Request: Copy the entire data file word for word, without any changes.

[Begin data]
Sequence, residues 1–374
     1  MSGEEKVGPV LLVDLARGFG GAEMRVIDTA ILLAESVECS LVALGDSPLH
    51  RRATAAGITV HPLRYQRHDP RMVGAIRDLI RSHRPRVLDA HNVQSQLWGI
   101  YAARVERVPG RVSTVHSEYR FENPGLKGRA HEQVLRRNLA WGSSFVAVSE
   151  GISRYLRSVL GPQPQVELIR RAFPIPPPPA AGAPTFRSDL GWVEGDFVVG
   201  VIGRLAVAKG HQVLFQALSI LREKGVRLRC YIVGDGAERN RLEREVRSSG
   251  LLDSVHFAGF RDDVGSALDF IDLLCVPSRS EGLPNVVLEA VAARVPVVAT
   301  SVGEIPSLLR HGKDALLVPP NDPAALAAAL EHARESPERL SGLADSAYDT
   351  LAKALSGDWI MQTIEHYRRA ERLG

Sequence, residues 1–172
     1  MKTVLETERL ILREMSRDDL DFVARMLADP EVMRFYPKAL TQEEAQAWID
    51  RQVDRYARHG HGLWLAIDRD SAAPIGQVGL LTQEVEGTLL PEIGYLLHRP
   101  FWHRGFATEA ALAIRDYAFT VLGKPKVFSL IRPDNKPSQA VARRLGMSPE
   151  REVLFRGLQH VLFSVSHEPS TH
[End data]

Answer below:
Sequence, residues 1–374
     1  MSGEEKVGPV LLVDLARGFG GAEMRVIDTA ILLAESVECS LVALGDSPLH
    51  RRATAAGITV HPLRYQRHDP RMVGAIRDLI RSHRPRVLDA HNVQSQLWGI
   101  YAARVERVPG RVSTVHSEYR FENPGLKGRA HEQVLRRNLA WGSSFVAVSE
   151  GISRYLRSVL GPQPQVELIR RAFPIPPPPA AGAPTFRSDL GWVEGDFVVG
   201  VIGRLAVAKG HQVLFQALSI LREKGVRLRC YIVGDGAERN RLEREVRSSG
   251  LLDSVHFAGF RDDVGSALDF IDLLCVPSRS EGLPNVVLEA VAARVPVVAT
   301  SVGEIPSLLR HGKDALLVPP NDPAALAAAL EHARESPERL SGLADSAYDT
   351  LAKALSGDWI MQTIEHYRRA ERLG

Sequence, residues 1–172
     1  MKTVLETERL ILREMSRDDL DFVARMLADP EVMRFYPKAL TQEEAQAWID
    51  RQVDRYARHG HGLWLAIDRD SAAPIGQVGL LTQEVEGTLL PEIGYLLHRP
   101  FWHRGFATEA ALAIRDYAFT VLGKPKVFSL IRPDNKPSQA VARRLGMSPE
   151  REVLFRGLQH VLFSVSHEPS TH